By Chi-hao James Lo ,The China Post
TAIPEI, Taiwan — Taipei Mayor Hau Lung-bin (郝龍斌) yesterday reportedly displayed his dissatisfaction toward news of the demolition of a potential Taipei City monument, stating that the city government will seek legal action against the landlord of the property. Ching Yun Court (清雲閣), a 15-unit construction in the Paotou Borough (寶斗里) of Wanhua District, was recently appointed as a potential monument by the Taipei City Government. The property once served as a legally operating brothel and has been listed as a potential heritage for its historical significance and in part to prevent the landowner of the property from demolishing the site for personal gain. However, all 15 units were torn down early Saturday morning by the landlord with the last name Chen against the laws protecting city monuments. During the Taipei City Municipal Meeting yesterday morning with the Taipei City Department of Cultural Affairs, the Department of Urban Development and the Police Department, Hau stated that all controversies involving cultural assets are legally forbidden to go under further development without the consent of the Department of Cultural Affairs. Reportedly, Hau was furious at the issue, stating that that the landlord had ignored the jurisdiction of the Taipei City Government by openly defying public authority. As a result of the allegedly illegal demolition, Hau has ordered the Taipei City Department of Legal Affairs to investigate Chen in hopes of revealing violations in property, public and labor safety, considering Chen’s disregard of construction and management regulations and administrative notices. During a visit to the demolished site, Taipei City Deputy Mayor Chang Chin-oh (張金鶚) stated that should similar violation occur in the future, the city government will take legal actions against such offenders. Chang went on to state that as current laws are not severe enough for such cases, he seeks to recommend an amendment to the central government so as to levy heavier penalties. Department of Cultural Affairs Commissioner Liu Wei-gong (劉維公) told local reporters yesterday that as the landlord has illegally demolished the site without proper permit, Chen would be required to reconstruct the property.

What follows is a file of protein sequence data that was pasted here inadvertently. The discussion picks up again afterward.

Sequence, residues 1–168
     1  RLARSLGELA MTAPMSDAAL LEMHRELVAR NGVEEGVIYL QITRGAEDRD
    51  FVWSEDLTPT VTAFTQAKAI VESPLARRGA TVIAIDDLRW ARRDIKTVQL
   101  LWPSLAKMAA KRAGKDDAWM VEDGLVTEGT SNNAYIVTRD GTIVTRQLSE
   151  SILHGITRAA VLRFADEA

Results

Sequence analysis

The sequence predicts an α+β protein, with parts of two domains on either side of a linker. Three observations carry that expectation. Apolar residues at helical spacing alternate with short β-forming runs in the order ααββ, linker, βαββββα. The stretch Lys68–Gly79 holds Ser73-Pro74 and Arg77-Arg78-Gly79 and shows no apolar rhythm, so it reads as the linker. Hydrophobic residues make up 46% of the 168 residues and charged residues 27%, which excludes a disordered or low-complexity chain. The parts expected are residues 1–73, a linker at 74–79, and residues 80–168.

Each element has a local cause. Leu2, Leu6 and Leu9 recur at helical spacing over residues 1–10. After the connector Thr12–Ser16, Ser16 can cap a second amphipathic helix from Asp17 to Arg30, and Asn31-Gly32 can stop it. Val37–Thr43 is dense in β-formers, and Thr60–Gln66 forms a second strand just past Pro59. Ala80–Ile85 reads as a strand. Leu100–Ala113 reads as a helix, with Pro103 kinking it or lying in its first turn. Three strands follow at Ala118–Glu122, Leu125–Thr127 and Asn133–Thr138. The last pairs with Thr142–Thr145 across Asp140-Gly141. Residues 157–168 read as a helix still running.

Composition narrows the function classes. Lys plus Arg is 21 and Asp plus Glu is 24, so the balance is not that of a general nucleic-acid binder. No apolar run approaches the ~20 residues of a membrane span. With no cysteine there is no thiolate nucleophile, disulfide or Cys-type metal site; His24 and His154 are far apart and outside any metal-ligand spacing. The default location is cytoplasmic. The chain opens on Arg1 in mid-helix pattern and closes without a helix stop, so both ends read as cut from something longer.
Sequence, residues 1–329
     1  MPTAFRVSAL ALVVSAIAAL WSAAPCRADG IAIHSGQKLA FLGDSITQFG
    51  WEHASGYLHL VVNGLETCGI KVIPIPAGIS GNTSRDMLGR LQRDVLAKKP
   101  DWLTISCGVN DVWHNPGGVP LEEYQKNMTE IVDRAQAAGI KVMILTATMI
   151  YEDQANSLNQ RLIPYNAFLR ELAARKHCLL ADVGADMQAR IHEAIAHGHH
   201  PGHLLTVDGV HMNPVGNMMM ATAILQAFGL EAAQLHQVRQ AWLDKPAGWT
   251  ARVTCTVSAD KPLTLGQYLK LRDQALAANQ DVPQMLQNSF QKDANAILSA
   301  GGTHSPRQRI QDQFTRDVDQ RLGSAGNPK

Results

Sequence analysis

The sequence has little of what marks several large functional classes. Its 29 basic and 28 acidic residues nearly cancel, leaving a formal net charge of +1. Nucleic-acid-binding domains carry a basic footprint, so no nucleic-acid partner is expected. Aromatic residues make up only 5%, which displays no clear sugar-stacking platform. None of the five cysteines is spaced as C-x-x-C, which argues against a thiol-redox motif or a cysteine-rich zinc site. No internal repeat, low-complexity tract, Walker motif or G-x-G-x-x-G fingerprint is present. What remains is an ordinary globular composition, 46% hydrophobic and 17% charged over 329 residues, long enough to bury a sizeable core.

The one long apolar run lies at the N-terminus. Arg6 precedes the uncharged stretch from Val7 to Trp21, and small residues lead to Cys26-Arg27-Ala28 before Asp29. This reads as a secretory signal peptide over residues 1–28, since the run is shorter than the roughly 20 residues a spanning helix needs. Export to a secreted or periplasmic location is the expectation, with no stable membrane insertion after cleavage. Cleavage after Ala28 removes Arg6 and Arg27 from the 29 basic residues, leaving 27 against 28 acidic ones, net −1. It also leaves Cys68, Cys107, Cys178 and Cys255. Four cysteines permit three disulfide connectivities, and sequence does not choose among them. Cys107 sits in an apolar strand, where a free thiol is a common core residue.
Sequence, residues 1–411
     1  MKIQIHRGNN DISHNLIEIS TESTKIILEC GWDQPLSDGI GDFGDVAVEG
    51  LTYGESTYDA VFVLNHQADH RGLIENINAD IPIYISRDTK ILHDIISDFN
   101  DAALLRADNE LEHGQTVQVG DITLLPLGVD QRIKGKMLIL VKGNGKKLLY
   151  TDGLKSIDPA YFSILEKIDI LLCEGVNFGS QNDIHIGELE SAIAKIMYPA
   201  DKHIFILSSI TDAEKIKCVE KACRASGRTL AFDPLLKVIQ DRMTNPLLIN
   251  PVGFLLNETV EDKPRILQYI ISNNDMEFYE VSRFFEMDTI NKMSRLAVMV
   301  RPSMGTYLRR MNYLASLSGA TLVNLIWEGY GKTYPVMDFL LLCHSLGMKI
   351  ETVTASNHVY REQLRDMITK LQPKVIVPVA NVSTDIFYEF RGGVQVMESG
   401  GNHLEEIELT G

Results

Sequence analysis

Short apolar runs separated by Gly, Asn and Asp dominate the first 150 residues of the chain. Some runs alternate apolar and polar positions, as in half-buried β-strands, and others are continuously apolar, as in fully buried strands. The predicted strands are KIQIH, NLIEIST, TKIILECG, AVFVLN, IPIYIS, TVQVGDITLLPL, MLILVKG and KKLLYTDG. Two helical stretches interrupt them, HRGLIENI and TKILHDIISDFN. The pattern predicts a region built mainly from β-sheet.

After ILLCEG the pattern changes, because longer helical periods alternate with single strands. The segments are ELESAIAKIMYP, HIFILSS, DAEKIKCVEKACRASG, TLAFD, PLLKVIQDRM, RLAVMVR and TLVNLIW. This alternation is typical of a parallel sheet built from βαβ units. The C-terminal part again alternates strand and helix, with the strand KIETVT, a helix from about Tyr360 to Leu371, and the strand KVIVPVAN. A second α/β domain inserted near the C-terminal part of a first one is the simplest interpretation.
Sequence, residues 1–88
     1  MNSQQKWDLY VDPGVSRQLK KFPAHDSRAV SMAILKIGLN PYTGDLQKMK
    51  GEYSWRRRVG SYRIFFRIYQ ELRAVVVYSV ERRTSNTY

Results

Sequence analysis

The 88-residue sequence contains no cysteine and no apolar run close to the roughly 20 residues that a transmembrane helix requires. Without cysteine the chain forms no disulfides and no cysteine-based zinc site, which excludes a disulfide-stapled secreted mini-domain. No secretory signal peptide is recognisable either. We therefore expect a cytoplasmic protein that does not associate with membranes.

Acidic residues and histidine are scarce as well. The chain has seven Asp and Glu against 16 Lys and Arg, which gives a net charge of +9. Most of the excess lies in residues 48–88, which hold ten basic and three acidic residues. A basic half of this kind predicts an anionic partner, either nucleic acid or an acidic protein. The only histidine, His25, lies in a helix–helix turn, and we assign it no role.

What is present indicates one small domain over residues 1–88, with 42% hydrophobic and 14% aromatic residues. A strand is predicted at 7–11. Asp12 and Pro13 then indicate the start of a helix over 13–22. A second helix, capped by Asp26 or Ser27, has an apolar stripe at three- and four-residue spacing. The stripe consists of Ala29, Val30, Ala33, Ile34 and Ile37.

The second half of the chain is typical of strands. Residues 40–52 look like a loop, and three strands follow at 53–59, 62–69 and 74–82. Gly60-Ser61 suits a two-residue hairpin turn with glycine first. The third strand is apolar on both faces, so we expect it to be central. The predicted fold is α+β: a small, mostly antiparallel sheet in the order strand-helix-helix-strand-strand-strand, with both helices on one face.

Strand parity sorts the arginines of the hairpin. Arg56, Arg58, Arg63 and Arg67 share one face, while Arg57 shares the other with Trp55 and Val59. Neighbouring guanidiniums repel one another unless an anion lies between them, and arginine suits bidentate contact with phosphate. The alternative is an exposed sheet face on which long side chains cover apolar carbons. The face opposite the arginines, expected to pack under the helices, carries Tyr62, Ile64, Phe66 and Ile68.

Landlord Responds to Violation Accusations In a press statement from the landlord of the demolished property, the landowner stated that no official notice from the city government that declares the historical and monumental significance of his property was ever received. The clearing of his property had begun on July 25, and not the reported date of Aug. 2. Chen’s lawyers has also stated that the landlord has no intension of defying public authority, and will seek to communicate with the city government this week.